Through Becca's eyes...

My trip to Honduras....where do I start?  The people…the food...the fellowship...the roads...the beauty...the new friends????  This was a trip I will definitely never forget.  I can see why Lauren has fallen in love with it.  There is so much need everywhere, but also so much happiness and beauty.  First I will start with the school.  The teachers are wonderful!  Mama Ty, Pastor Pete,  Bobby and Julie, Mary Beth, Lisa and all those who work so hard for the children are a blessing from God.  The center/ orphanage is also blessed with Erika, Debbie and Cinthia who give of themselves so unselfishly.  While we were there, we were given the job of organizing the library.  I had a wonderful time!  That's the closest I'll ever be to becoming a librarian.  Bookshelves were made and we color-coded the books.  The children were so beautiful.  We got hugs and kisses, a party, cards and they were always tagging along after us.  Their little faces will always be in my mind and heart. 

We also went to the gang village.  We took beads so they could make necklaces and bracelets.  They were all waiting for us in the street.  The people there all kiss you and smile a lot.  Their children were so clean.  The women are so grateful for anything you do.  Everyone loves Lauren.  She knows a lot of them by name and where they live.  It brought tears to our eyes when we saw how little they have, but they are proud of what they have.  Norma, one of the ladies, made a rice and chicken dish for us.  It was very good and she was so proud to serve us.  That was the most heartbreaking day I spent.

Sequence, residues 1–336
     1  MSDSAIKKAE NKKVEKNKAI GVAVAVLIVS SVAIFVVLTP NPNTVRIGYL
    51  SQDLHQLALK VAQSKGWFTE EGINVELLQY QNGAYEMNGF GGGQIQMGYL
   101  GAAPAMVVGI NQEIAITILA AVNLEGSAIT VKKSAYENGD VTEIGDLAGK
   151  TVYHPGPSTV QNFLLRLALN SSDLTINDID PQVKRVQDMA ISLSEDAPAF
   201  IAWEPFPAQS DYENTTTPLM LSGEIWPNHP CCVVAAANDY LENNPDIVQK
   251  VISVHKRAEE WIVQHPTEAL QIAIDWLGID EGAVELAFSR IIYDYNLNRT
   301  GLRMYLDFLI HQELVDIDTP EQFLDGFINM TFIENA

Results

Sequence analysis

Now, food...we had some wonderful and different food there.  Some came from restaurants, Lauren's kitchen or made out on the side of the road.  I loved everything. We met Denise and Crist, a couple Lauren knows, and they were like someone you have always known.  They will always be lifelong friends.  We ate at their house on Friday before we came home.

The roads were awful.  No rules of the road.  Some were dirt with no gravel.  If it rained they were slick mudholes.  Everyone went where they wanted.....driving really fast and passing in curves or whatever.  Horses and cows grazed on the side of the road, and people walked like they were perfectly safe.